Date of Defense




First Advisor

Dr. Philip Egan

Second Advisor

Dr. John Cooley

Third Advisor

Dr. John Martell


By the turn of the century women were beginning to shed the Victorian ideals. A growing number actively pursued higher education, spoke for suffrage rights, and sought to expand their horizons beyond the home. Mark Twain experienced this uprising on a personal level; not only did his wife and friends champion suffrage, but his daughters engaged in educational and ambitious pursuits. Consequently, his works reflect his interest in changing social ideas. My paper discusses Twain's experimentation with gender in his relatively lesser-known stories: Wapping Alice, "Hellfire Hotchkiss," and "A Horse's Tale," plus the now disregarded Joan of Arc. While his celebrated The Adventures of Huckleberry Finn and The Adventures of Tom Sawyer portray weak girls, his later writings move toward applauding assertive females. For instance, Joan of Arc was a popular topic in the late 1800s, and Twain made use of Joan's popularity by writing Personal Recollections of Joan of Arc in 1896. The character of Joan combines Becky Thatcher's dependent femininity with Tom Sawyer's male courage and leadership. Although Twain supported women's rights, his powerful female characters rarely lived past puberty. My paper explores the personal and social aspects that caused Twain to ultimately force his valiant women into submission.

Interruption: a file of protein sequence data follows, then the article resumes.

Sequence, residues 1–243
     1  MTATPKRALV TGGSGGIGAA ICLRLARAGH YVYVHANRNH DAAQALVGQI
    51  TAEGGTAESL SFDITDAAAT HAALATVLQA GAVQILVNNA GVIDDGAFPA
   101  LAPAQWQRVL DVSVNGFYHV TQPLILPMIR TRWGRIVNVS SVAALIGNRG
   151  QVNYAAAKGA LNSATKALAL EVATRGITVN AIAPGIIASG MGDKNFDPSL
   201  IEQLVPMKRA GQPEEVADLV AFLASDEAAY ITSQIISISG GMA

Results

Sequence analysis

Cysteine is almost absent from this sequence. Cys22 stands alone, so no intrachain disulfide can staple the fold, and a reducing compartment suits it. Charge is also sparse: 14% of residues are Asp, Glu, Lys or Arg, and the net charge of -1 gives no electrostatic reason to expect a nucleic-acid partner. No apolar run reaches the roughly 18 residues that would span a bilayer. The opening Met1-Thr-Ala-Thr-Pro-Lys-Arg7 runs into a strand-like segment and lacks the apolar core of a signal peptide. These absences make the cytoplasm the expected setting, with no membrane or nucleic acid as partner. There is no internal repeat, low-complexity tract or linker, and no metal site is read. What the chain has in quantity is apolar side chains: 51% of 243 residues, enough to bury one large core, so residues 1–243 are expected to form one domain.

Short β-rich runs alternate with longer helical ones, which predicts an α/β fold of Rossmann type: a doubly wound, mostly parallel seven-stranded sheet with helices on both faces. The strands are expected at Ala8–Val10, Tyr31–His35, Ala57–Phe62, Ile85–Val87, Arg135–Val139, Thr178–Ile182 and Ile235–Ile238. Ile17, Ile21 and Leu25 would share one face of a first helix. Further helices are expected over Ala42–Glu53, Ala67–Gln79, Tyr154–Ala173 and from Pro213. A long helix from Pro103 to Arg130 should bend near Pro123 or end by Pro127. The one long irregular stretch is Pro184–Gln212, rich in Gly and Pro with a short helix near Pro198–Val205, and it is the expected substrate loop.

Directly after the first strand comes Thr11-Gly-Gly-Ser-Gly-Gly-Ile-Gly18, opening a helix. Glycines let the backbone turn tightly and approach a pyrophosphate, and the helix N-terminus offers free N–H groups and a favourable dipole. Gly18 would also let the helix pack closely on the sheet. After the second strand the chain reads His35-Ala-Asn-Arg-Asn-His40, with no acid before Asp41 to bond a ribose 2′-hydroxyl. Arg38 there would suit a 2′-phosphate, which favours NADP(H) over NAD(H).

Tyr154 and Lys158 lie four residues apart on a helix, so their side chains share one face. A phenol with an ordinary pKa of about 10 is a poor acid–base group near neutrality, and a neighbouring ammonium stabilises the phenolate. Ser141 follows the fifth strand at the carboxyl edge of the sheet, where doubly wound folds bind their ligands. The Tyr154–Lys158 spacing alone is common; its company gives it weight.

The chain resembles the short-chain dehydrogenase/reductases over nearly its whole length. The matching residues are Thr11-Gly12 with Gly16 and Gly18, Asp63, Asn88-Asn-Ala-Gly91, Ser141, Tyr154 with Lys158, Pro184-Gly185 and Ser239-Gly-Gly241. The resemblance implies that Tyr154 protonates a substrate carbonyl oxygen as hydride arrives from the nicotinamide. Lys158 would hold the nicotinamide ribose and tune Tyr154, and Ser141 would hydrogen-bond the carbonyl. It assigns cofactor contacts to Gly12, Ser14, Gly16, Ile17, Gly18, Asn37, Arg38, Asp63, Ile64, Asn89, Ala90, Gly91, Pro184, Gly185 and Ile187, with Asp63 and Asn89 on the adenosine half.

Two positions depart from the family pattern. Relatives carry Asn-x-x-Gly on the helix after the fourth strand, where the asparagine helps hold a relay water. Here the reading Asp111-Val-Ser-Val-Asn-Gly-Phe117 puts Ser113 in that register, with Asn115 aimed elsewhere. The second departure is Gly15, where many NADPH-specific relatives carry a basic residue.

Access Setting

Honors Thesis-Campus Only